A Guide to Restaurant Financial Statements

A Guide to Restaurant Financial Statements

Restaurant ownership is easy until financial management is involved. Is there a more common culprit behind small business failure? A tiny percentage of businesses keep track of their cash flow changes. There are those that don’t necessarily use them in decision-making. This means that the bulk of the for-profit world is run on surface analysis and optimism as opposed to actual data-backed performance.

If you want to cut back on loss-making and get the most out of your managerial effort, you have to learn to monitor your finances. This article discusses the three most important financial statements – the balance sheet, the cash flow statement, and the income statement – and how to read and infer from them to enhance your restaurant’s performance.

Balance Sheet

The balance sheet shows the assets, liabilities, debt, capital, etc., that your business has at a point in time. It gives you a snapshot of your restaurant’s financial position at a specific date, helping you calculate your equity and determine your net worth.

It is safe to say that the balance sheet duly takes a spot among the three most important financial statements. Here is how to interpret the various components on your balance sheet:

AssetsThis refers to everything your business owns that has monetary value, including cash, equipment, inventory, prepaid expenses, money owed, and marketable securities or investments.

LiabilitiesThe liabilities component lists all your obligations to other entities, including accounts payable, loans, accrued expenses, bonds, deferred revenues, mortgages, and warranties.

EquityYou get equity when you subtract total liabilities from total assets. It’s what you’d remain with if you liquidated your restaurant and paid off what you owe. Note that while profit is not included in calculating equity, what you retain and inject into the business must be subtracted as a liability as it represents what the business owes you.

Income Statement

Also known as the profit and loss statement, the income statement summarizes your restaurant’s expenses and revenue. It displays your business’s Cost of Goods Sold (COGS), revenue, gross profit, general and administrative expenses, EBITDA, net income, income taxes, etc., helping you determine if you are making profits or losses.

Comparing income statements from different periods is one of the easiest ways to tell if your restaurant is making headway and the degree to which it’s doing so. More in-depth analysis will take the wraps off vital market dynamics like niche-specific economic cycles and help you plan ahead informed.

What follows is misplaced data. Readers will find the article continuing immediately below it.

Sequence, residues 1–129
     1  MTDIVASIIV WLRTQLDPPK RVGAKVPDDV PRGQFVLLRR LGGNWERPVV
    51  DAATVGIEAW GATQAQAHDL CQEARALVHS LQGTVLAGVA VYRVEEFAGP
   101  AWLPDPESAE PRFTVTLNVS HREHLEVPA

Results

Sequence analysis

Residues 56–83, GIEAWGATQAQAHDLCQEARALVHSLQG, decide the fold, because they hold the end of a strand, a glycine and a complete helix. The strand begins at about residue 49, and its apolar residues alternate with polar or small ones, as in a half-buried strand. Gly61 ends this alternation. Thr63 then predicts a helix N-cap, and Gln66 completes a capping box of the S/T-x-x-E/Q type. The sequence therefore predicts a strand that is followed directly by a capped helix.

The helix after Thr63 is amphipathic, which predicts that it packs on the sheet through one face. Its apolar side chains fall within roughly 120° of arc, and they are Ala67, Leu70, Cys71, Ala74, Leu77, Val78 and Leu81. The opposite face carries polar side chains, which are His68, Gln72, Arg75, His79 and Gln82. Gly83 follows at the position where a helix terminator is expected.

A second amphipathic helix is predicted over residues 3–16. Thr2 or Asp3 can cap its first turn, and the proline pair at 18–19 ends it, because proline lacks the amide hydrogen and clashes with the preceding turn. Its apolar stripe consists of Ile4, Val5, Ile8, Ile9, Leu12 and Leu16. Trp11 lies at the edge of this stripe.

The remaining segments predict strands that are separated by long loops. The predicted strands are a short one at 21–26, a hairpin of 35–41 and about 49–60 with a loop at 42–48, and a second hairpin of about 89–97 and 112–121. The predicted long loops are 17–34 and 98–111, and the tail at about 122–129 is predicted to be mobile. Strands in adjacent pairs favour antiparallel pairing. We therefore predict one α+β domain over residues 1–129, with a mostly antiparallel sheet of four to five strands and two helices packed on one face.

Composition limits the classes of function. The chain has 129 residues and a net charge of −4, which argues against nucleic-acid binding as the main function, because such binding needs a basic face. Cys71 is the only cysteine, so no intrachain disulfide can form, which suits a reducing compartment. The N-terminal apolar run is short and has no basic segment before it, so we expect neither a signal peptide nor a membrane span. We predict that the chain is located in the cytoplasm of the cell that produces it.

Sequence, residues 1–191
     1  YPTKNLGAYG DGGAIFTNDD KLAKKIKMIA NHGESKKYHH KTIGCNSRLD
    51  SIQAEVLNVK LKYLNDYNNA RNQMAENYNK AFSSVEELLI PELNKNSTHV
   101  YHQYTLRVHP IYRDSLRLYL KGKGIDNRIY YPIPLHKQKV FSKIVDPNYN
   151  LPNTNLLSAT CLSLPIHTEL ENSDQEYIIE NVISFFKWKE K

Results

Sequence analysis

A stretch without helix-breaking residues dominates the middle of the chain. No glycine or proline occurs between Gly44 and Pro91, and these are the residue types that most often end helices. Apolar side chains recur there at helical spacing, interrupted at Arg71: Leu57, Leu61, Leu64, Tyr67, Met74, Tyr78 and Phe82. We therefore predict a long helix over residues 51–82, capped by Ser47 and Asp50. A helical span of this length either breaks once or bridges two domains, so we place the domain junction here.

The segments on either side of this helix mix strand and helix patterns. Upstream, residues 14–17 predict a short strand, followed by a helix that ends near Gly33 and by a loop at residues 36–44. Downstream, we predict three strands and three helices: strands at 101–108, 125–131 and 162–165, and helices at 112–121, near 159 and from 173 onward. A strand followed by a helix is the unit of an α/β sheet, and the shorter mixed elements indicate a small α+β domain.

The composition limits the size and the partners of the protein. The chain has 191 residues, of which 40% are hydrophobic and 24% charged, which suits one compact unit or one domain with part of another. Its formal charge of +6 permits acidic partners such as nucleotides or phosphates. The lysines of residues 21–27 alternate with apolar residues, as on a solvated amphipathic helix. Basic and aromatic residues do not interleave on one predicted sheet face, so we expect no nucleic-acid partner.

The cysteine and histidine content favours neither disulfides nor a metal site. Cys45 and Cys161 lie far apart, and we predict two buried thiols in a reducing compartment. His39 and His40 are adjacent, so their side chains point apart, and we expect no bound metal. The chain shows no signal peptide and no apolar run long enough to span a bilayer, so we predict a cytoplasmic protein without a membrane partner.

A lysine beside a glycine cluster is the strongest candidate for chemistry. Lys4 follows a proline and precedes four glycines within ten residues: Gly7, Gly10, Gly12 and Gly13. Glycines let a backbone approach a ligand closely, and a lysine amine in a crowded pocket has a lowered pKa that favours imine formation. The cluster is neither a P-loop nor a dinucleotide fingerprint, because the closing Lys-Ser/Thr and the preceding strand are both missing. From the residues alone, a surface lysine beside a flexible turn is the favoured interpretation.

To determine your net profit or loss over a given period, find the sum of the Cost of Goods Sold, prime costs, and operating costs and subtract it from the total sales.

Here’s why you need to monitor your income statements:

  • Income statements provide a breakdown of the business’s day-to-day expenses.
  • They help you determine whether the business is profitable.
  • They simplify period comparison.
  • They help you point out pain points and get back on track through precise, quick fixes rather than potentially self-counterbalancing overhauls.

Cash Flow Statement

In the most elementary description, the cash flow statement is the link between the balance sheet and the income statement. It shows the movement of money in and out of business by monitoring operations, financing, and investment.

Keeping track of your restaurant’s cash flow statement will give you a detailed picture of where you’re getting your money from and what you are spending it on. Assuming everything is meant to contribute to the growth of the business, you’ll be able to pick out and discard needless expenses.

Segments of a cash flow statement

The cash flow statement is divided into three parts:

Operating activitiesAll revenue-generating activities, including asset sales and net income

Investing activitiesThese include activities that increase or decrease your company’s assets, e.g., investments in securities, sale of securities, and sale and purchase of physical assets.

Financing activitiesThese are all the activities that directly define how your restaurant raises capital and pays it back to investors via capital markets. They include selling and issuing stock, taking and changing loans, and paying cash dividends.


Reading and understanding these three financial statements can help you track your restaurant’s performance, make necessary operational tweaks, and predict the future with ease and accuracy. For more comprehensive results, pay attention to what’s happening in your restaurant daily. Monitor new visits, repeat visits, average guest spends, and high- and low-business days, and use your observations to build an optimal activity balance.

Consider using technologies such as table management systems to automate repetitive processes and focus on what requires human attention.

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